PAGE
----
Duterte on bullying of Filipinos in Scarborough: It was barter, not outright seizure

Dharel Placido, ABS-CBN News

Posted at Jun 18 2018 07:05 PM | Updated as of Jun 18 2018 07:32 PM

Filipino fishermen have a meal aboard a fishing boat overlooking Chinese fishing vessels at the disputed Scarborough Shoal, April 6, 2017. Erik De Castro, Reuters/File

MANILA - President Rodrigo Duterte on Monday downplayed the Chinese Coast Guard’s move to get the prized catch of Filipino fishermen at the Scarborough Shoal, even as Filipino fishermen seek the government’s help in stopping the abusive practice of the Chinese.

Concerns over renewed tension between China and the Philippines in the rich fishing ground grew earlier this month after a television report showed Chinese coast guard personnel getting the catch of fishermen who pass by the shoal, located only 124 nautical miles off Zambales.

The President, however, downplayed the incident and insisted it was a form of “barter”. 

He said it was unfortunate that the Chinese coast guardsmen and the Filipino fishermen had a problem in determining the value of the catch and the items they had exchanged.

Filipino fishermen earlier complained that their catch, worth thousands of pesos, would sometimes be seized by the Chinese in exchange for a few pieces of bottled water, packs of cigarettes, and instant noodles.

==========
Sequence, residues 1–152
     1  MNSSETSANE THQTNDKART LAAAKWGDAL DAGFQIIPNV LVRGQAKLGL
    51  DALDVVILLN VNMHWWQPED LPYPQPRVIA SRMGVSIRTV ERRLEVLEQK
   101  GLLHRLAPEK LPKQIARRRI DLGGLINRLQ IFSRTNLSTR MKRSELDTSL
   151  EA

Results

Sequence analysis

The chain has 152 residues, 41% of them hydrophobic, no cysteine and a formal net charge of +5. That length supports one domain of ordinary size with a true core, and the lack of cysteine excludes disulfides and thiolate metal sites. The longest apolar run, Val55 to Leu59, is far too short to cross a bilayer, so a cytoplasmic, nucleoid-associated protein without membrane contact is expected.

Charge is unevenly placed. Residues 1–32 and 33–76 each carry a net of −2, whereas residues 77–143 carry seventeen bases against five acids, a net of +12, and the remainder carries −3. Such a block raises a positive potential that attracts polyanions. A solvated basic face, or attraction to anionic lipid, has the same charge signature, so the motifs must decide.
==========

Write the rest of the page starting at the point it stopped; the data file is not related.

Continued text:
“Ang problema ang valuation….It was not an outright seizure,” Duterte said in a speech during the 120th anniversary of the Department of Foreign Affairs in Pasay City.

The Philippines has complained to China over the incident, but Manila has refused to blow the incident out of proportion and called it “small” compared to the overall ties of the two Asian neighbors.

Chinese Ambassador to the Philippines Zhao Jianhua said the coast guard personnel involved in the incident will be disciplined “in accordance with our own regulations.”

Scarborough, called by Filipinos as Panatag Shoal and by the Chinese as Huangyan Island, was the site of a 2012 standoff between the Philippines and China. The standoff erupted when Manila sent its biggest warship to chase off Chinese poachers.

China gained effective control of the shoal after Manila withdrew its vessel. It then started blocking Filipino fishermen from the shoal.

President Duterte’s overtures to Beijing lowered the tension in the area, with Xi himself promising to allow Filipino fishermen back into the rocky outcrop.

But fishermen say China continues to have control over the shoal despite the decision of a United Nations-backed arbitral tribunal in 2016 which declared it as a traditional fishing ground for both China and the Philippines.

In his speech, the President again stressed that he cannot fight China over the disputed South China Sea, as the Asian giant is “no pushover.”

“You cannot scare him (China). Even the US has show a little bit of apprehension about it...If you go against China, Russia will join the fray,” he said.

There had been reports last year of an emerging “barter” system between Filipino fishermen and Chinese coast guardsmen, but it was only this year that the Filipinos lamented that they were on the losing end of this system.

The shoal is a potential flashpoint in the disputed sea, as maritime experts say Beijing is eyeing to build another artificial island there to fully cement its control of the vital waterway.

Manila has declared any Chinese reclamation on the shoal as a “red line.”